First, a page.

A crowdfunding campaign aims to support and empower an army of unconventional conservationists from across the country
Shepherd Urs Khan, his father and flock. Pics courtesy/Sanctuary Nature Foundation, Maitreyee Mujumdar
Urs Khan is a shepherd from the little known village of Nimba in Rajasthan's dusty Thar desert. He is also illiterate. However, that hasn't stopped the young man from taking on challenges that even the educated among us would turn away from.
Khan plays a pivotal role in the conservation of the critically endangered Great Indian Bustard. He also leads a community-watchdog network that reports threat in the region, maintains a waterhole for desert wildlife, assists wildlife researchers and speaks at local schools about conservation.
Now, he is among the 13 unconventional project leaders selected to be part of the Mud on Boots Project, for which funds are currently being raised on crowdfunding platform Ketto. The project releases R3 lakh to each leader over a period of two years, while also connecting them with relevant organisations and promoting their cause.
"The initial plan was to identify three people who were making an impact on the ground, and support them through the TINA Grant, which we set up with banker Paul Abraham in honour of his late wife," says Cara Tejpal of Sanctuary Nature Foundation, which launched the initiative earlier this month. However, she adds that after receiving nominations from trusted sources, they couldn't decide whom to leave out, as they were all unique. For instance, Chhattisgarh resident Sajal Madhu had been recording and mitigating human-elephant conflict in Dharamjaigarh, and Sunil Harsana was working to protect Haryana's sacred Mangar Bani forest.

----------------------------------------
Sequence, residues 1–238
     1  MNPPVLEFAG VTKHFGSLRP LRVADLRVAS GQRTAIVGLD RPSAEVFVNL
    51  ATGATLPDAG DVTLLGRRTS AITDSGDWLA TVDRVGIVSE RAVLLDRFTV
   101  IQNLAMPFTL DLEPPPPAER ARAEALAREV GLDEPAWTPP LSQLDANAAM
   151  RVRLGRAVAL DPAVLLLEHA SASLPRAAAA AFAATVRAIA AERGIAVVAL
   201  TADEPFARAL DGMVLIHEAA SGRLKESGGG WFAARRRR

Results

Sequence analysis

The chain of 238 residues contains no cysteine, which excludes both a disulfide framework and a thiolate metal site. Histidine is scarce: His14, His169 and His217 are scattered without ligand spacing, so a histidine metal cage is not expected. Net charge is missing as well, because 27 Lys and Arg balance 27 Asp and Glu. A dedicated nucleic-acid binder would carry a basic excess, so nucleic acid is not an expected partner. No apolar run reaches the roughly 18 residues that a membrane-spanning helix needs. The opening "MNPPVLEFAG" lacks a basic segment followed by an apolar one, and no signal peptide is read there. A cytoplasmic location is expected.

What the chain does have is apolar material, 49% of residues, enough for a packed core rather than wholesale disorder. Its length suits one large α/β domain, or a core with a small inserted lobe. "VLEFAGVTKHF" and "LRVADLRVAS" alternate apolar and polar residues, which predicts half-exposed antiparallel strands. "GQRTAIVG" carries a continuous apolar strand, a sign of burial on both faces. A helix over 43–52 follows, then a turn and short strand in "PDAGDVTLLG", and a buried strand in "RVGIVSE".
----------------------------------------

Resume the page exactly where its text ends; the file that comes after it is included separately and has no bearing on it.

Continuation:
"It was hard to pick only a few, so we decided to support all 13," says Tejpal. They received funds from the grant and independent donors, but then hit a roadblock. "That's why we went the crowdfunding way. This way, people can also take ownership of the project," she adds.
Green Oscar-winning documentary filmmaker Rita Banerji was among those who came forward with three nominations. "Two of them, Tsuseki and Limthure Yimchunger, hail from a remote village in Nagaland where hunting is prevalent. Despite not having monetary support earlier, both were doing their bit, whether it was through banning hunting, involving youth, or documenting biodiversity," says Banerji. It helps when those spearheading the efforts belong to resident communities, she adds.
Author and conservation journalist Prerna Singh Bindra, meanwhile, nominated Rajeev Chauhan (see box) as a project leader. She says, "A lot of them live off the grid, so not many hear about their efforts. I'm glad that through this project, the money will reach those who are doing the work."
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Meet the green heroes
A resident of Etawah, Uttar Pradesh, Chauhan works for the conservation of the critically endangered gharial and other wildlife in the Chambal river. Through his Society for Conservation of Nature, he monitors and protects gharial nesting sites and sandbanks, while also engaging in outreach programmes. Chauhan hopes to buy a boat and establish a field station for his work in the near future.
Once ridiculed by neighbours for his interest in the endangered fishing cat, senior citizen Joydeb Pradhan's conservation efforts are paying off in nine villages of West Bengal's Howrah District. Since 2010, Pradhan has been working with scientists to collect data, and with the Forest Department and Gram Panchayats to stop retaliatory killings. His work has seen the formation of four local Fishing Cat Protection Committees.